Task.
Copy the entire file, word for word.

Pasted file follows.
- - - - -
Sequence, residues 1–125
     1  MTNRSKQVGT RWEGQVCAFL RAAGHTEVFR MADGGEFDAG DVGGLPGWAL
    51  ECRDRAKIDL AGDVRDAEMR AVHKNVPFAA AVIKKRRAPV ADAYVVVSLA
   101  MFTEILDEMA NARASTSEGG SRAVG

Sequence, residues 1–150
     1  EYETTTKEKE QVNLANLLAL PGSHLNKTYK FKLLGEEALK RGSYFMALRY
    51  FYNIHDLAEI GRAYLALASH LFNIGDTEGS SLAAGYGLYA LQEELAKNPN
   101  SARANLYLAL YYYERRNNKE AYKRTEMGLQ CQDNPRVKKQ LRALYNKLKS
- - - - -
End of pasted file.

Sequence, residues 1–125
     1  MTNRSKQVGT RWEGQVCAFL RAAGHTEVFR MADGGEFDAG DVGGLPGWAL
    51  ECRDRAKIDL AGDVRDAEMR AVHKNVPFAA AVIKKRRAPV ADAYVVVSLA
   101  MFTEILDEMA NARASTSEGG SRAVG

Sequence, residues 1–150
     1  EYETTTKEKE QVNLANLLAL PGSHLNKTYK FKLLGEEALK RGSYFMALRY
    51  FYNIHDLAEI GRAYLALASH LFNIGDTEGS SLAAGYGLYA LQEELAKNPN
   101  SARANLYLAL YYYERRNNKE AYKRTEMGLQ CQDNPRVKKQ LRALYNKLKS